Harman Kardon HK3370 Receivers

3.29/5 (7 Reviews)


Product Description

HARMAN KARDON STEREO RECEIVER, 70 WPC, 5 AUDIO INPUTS, SUB OUT => Model HK3370


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Reviews 1 - 5 (7 Reviews Total) | Next 15

User Reviews

Overall Rating:2
Value Rating:2
Submitted by Frank a Audio Enthusiast

Date Reviewed: November 24, 2003

Bottom Line:   
How (not) to buy a stereo...

I had this very old stereo with a Nikko receiver, a Philips multi-CD player and a pair of RFT east german (old history) three way bookshelf speakers which I bought for almost nothing (about 500 US dollars for the set). The sound was good, very lively and very dynamic, but not very clear. After almost 15 years, I decided it was time for a change. First, I found a cheap pair of Jamo two way bookshelf speakers (E 601) which had very good reviews. I bought them for a 100$ and put them on my old stereo. The sound was much clearer than with the RFT's but it had lost its dynamics and bass. I decided (god knows why) that the receiver and the CD player were responsible for the bad quality of the sound. So I went to a HIFI shop were they told me that Harman Kardon was the best one could buy if he didn't have enough money for NAD. I came back with a HK 3370 receiver and a HK 8380 multi-CD player and connected them with the Jamo E 601. All the fun I had listening to music disappeared immediately: no dynamics and an incredibly boring sound. So, here I am with two receivers, two multi-CD players and two pairs of bookshelf speakers. The best to do, I figured out, was trying all possible combinations and finding the best possible arrangement. What I discovered is that the receivers and speakers were not so easy to choose from but that there was an incredible difference between the two CD players, Philips being much better than HK. So, I ended up with the HK 3370 receiver, the Philips Cd player and the old RFT speakers. I could have kept the NIKKO receiver but this was just to hard given the fact that a great amount of money was spend for the HK.

Several month later, there was an offer for JMLab Chorus 715 speakers in a local shop and I could test them with the HK 3370 receiver and FL8380 CD-player. Now, here was a real change. With these high quality and bi-wired speakers, which have a quiet crispy sound, the HK products became able to produce an interesting sound. Listening to music was fun again and there was a global improvement compared to the (good) old stereo I had.

Different conclusions can be drawn from this stupid little story (except the one that I will never buy a stereo again without listening to it for hours):

1) HK products are bad, not on the technical level but in the sound they produce
2) HK products are good, but they need very good speakers (especially in the high's) to produce what they are build for

One suitable conclusion could be that HK wants to be in a segment of the market which is neither audiophile nor your usual asian cheap stereo model. In this part of the market there is a small risk that you make products which cannot produce the very good sound of the high-end elements (image, clarity, coherence, etc.) and which are also loosing some of the basic features of the cheap HIFI components (dynamics, fun). The result then is not something hybrid but just a totally boring product. Maybe HK did that mistake and lost its reputation in the process.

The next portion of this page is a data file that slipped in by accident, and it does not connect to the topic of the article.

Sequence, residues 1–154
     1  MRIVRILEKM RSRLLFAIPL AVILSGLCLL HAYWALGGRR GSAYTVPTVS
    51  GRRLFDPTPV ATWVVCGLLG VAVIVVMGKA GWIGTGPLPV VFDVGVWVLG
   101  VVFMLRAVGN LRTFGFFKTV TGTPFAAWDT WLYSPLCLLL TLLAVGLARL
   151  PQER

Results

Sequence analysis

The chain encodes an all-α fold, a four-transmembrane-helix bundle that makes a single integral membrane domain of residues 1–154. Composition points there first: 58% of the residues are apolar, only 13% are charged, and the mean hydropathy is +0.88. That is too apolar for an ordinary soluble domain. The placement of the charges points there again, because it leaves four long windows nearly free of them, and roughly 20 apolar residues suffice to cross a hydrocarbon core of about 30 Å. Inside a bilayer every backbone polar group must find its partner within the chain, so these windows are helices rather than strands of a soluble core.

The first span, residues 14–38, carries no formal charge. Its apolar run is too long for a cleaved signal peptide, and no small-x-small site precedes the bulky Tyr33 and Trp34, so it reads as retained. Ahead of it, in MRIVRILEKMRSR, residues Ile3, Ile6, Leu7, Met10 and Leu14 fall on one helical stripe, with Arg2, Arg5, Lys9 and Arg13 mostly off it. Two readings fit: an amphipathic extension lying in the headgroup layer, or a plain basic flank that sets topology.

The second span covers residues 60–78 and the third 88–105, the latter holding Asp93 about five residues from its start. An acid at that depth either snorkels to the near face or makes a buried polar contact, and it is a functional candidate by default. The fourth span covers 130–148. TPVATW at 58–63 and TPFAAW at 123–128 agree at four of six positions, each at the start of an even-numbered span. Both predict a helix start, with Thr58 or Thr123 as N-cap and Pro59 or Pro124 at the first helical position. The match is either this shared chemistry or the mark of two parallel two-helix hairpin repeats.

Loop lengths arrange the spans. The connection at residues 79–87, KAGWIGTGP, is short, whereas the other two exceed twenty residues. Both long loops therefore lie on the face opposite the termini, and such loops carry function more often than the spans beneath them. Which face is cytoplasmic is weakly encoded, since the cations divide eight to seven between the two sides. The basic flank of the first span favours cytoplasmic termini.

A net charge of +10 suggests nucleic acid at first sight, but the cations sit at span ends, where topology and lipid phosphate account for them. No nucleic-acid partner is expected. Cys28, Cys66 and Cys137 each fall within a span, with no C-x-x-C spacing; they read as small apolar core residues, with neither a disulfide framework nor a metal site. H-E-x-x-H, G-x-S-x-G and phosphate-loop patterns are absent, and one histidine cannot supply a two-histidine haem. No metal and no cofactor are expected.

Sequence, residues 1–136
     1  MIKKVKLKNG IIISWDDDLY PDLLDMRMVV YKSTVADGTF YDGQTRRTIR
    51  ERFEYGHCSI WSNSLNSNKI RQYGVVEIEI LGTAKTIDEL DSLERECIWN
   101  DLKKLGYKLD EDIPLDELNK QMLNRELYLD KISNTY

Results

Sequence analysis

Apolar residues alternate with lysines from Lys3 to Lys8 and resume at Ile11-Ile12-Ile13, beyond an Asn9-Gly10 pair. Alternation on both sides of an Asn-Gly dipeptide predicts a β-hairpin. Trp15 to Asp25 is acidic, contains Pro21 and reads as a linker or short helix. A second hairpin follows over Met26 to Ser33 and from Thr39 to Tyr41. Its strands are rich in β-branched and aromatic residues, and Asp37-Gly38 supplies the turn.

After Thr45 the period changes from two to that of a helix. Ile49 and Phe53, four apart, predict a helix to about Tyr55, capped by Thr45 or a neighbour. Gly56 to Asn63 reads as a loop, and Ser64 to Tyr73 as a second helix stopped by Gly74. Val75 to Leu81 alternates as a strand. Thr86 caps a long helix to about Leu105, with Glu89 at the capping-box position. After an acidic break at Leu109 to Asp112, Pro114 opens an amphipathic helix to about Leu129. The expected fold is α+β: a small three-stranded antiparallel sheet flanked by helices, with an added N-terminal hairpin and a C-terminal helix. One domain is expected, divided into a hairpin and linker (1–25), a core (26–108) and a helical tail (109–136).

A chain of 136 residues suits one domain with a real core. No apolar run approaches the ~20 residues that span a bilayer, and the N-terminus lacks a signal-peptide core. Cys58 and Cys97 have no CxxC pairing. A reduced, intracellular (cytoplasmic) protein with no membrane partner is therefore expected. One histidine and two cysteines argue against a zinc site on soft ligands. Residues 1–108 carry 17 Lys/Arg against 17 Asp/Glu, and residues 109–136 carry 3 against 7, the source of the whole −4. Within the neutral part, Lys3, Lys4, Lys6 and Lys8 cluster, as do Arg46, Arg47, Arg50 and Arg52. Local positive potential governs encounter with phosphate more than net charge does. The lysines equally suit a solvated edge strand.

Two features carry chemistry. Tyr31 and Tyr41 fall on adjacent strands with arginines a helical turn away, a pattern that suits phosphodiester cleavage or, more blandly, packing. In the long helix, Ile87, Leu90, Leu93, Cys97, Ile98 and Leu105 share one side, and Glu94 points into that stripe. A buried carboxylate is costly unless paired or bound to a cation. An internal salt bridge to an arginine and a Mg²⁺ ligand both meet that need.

Expand full review >>

Used product for:   More than 1 year

Duration Product Used:   Audio Enthusiast

Product model year:   2002

Price Paid:    $300.00



Overall Rating:2
Value Rating:2
Submitted by Frank a Audio Enthusiast

Date Reviewed: November 24, 2003

Bottom Line:   
How (not) to buy a stereo...

I had this very old stereo with a Nikko receiver, a Philips multi-CD player and a pair of RFT east german (old history) three way bookshelf speakers which I bought for almost nothing (about 500 US dollars for the set). The sound was good, very lively and very dynamic, but not very clear. After almost 15 years, I decided it was time for a change. First, I found a cheap pair of Jamo two way bookshelf speakers (E 601) which had very good reviews. I bought them for a 100$ and put them on my old stereo. The sound was much clearer than with the RFT's but it had lost its dynamics and bass. I decided (god knows why) that the receiver and the CD player were responsible for the bad quality of the sound. So I went to a HIFI shop were they told me that Harman Kardon was the best one could buy if he didn't have enough money for NAD. I came back with a HK 3370 receiver and a HK 8380 multi-CD player and connected them with the Jamo E 601. All the fun I had listening to music disappeared immediately: no dynamics and an incredibly boring sound. So, here I am with two receivers, two multi-CD players and two pairs of bookshelf speakers. The best to do, I figured out, was trying all possible combinations and finding the best possible arrangement. What I discovered is that the receivers and speakers were not so easy to choose from but that there was an incredible difference between the two CD players, Philips being much better than HK. So, I ended up with the HK 3370 receiver, the Philips Cd player and the old RFT speakers. I could have kept the NIKKO receiver but this was just to hard given the fact that a great amount of money was spend for the HK.